Change can be hard—even at the individual level. Like taking my reusable bags to the grocery store. I regularly forget them, even though I loathe plastic bags. And I still can’t get through a day on a single cup of coffee. So it’s easy to understand the challenge of mobilizing an entire country to embrace sweeping change.
Behavioral change. Policy change. Systemic change that—despite being difficult at first—will ultimately benefit all species who share space on this hot spinning ball we call Earth. None of it is easy, but when it comes to addressing climate change, it is necessary. Every living being will be touched if carbon emissions are left unchecked. So we must be prepared to put in the time and the energy to avert our global course. This may sound uncomfortable. But it doesn’t have to be.
For the purpose of this piece (which will soon become clear), let me zoom in for a moment on Australia. Despite taking several important steps to incorporate more variable renewable energy sources into the country’s overall mix—and reduce energy waste—Australia is struggling to alter its generation and consumption habits.
Between 2006 and 2016, Australia reduced its coal use by 10 percent, substituting to some extent with natural gas. Gas use has increased by 70% in the last decade. And despite the fact that wind and solar energy combined contribute just 1.5% of the country’s total primary energy supply, the IEA reports that Australia has the “highest national penetration of solar PV installations per household” of all its member countries.
Further evidence that the political will exists to put itself on a healthier trajectory, the Commonwealth of Australia has launched a slew of new agencies to explore possible routes to achieving their Paris Agreement commitment of cutting up to 28 percent of carbon emissions below 2005 levels by 2030, without compromising energy security. But it is clear that Australia, like me, needs to keep chipping away at its habits.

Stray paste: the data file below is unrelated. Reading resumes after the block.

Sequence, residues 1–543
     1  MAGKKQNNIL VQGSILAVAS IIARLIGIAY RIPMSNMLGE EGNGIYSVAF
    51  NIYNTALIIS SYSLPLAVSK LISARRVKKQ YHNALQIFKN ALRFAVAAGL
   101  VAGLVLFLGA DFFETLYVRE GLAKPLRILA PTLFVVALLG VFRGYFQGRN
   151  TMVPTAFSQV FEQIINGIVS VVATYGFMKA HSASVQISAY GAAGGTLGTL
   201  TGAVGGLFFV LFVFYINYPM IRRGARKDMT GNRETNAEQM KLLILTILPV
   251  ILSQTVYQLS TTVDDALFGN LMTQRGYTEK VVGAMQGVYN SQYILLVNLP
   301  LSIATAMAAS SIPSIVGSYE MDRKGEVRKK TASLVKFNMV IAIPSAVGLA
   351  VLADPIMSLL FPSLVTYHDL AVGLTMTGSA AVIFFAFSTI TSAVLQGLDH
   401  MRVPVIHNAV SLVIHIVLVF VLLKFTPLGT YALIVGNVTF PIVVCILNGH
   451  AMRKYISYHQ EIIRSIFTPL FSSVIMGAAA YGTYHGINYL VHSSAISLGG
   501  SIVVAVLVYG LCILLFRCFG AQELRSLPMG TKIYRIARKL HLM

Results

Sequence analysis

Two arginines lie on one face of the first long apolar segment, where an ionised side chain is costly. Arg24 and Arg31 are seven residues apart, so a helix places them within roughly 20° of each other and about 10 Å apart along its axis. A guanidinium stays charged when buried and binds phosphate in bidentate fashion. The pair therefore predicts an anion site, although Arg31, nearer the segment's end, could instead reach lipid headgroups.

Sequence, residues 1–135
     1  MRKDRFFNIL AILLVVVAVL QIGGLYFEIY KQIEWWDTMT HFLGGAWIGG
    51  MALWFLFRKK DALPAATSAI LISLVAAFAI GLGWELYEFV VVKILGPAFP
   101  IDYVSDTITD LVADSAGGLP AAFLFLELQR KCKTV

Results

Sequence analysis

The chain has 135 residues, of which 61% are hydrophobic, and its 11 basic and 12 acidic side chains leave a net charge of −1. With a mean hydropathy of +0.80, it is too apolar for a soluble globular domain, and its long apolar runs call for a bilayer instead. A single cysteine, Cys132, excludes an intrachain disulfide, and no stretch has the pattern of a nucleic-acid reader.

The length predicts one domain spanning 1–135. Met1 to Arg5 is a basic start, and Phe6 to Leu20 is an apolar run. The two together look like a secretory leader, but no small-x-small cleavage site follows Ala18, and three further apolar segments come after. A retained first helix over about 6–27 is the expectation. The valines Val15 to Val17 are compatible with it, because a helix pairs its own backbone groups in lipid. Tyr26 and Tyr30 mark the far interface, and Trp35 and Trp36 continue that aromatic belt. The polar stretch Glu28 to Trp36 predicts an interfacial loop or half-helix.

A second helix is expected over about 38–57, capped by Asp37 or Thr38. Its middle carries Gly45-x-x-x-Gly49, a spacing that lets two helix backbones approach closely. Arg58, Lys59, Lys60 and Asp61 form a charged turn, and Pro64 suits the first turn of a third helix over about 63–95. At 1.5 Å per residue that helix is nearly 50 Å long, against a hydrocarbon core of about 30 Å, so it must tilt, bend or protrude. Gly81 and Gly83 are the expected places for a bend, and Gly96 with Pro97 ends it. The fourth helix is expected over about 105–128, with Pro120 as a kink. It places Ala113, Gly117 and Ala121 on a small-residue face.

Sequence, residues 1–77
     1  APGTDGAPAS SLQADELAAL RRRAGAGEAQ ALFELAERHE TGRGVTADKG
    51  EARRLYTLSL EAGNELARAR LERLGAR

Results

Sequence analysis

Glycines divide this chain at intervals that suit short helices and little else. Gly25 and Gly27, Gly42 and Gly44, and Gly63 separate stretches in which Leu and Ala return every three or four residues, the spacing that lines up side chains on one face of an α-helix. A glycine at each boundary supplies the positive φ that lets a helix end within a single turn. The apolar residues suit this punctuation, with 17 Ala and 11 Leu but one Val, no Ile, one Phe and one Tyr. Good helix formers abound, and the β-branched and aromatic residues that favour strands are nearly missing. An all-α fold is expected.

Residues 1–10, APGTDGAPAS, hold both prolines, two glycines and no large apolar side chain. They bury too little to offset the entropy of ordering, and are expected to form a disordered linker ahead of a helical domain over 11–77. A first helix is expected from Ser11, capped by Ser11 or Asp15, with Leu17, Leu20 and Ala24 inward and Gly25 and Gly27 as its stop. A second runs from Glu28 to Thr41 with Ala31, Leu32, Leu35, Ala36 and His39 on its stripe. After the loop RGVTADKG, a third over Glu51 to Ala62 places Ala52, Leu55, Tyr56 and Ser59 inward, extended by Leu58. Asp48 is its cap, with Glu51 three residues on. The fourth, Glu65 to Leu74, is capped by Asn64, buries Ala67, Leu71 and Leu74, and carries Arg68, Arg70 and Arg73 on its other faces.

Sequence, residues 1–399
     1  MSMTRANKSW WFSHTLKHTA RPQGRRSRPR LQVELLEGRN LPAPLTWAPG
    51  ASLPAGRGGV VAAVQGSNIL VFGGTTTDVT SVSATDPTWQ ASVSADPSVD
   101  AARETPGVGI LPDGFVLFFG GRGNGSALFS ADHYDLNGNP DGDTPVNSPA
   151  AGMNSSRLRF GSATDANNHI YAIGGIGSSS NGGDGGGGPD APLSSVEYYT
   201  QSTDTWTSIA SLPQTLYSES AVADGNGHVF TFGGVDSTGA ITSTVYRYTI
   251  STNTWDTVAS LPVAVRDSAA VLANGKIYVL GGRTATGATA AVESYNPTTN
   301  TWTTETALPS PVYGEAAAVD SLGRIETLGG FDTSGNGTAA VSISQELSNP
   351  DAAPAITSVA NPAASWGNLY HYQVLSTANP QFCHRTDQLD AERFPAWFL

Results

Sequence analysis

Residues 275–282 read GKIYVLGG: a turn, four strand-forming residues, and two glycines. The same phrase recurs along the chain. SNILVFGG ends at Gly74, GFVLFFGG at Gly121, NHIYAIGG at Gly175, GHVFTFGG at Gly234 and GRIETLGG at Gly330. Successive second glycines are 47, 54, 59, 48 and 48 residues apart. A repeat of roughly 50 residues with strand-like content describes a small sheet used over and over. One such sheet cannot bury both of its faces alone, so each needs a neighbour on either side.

The new National Energy Guarantee (NEG) designed to reduce emissions and improve reliability targets was a source of hope for the IEA in their report, but now that it has been waived through for a final decision in August, others say it will stifle renewables.
John Grimes, CEO of the Smart Energy Council, told PV Tech the NEG will be “locked in for the decade with no review process or opportunity for states to bargain, while its future will be under the sole authority of the federal energy minister.” He added that “individual states will also no longer be able to carry out their own additional renewable energy programs alongside the central targets.”
Restricting renewables now would be a terrible shame. Especially since a new Plan to Repower Australia prepared by the Community Power Agency on behalf of two million Australian citizens paves the path for an alternative future lined with, among other things, clean air, healthy jobs, and economic abundance. Officially released on May 3, 2018 by activist Bill McKibben, the report provides a blueprint for Australia to achieve 100% clean energy by 2030.
Lead author and director of the Community Power Agency, Nicky Ison said in a press release marking the plan’s launch, “Australia has some of the best wind and solar resources in the world and technical capacity to meet its electricity needs with 100% clean energy by 2030, so let’s get on with it!”
Outlining specific steps Australia can and should take to evolve its energy mix, the plan reveals three overarching goals: Rewrite the Rules, Repower the Country (by “turbocharging existing clean energy policies”) and Replace the Polluters.